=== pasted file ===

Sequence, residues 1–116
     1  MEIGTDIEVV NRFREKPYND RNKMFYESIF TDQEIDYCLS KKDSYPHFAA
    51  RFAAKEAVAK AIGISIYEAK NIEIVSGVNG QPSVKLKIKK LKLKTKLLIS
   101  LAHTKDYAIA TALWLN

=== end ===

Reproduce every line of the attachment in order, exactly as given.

Sequence, residues 1–116
     1  MEIGTDIEVV NRFREKPYND RNKMFYESIF TDQEIDYCLS KKDSYPHFAA
    51  RFAAKEAVAK AIGISIYEAK NIEIVSGVNG QPSVKLKIKK LKLKTKLLIS
   101  LAHTKDYAIA TALWLN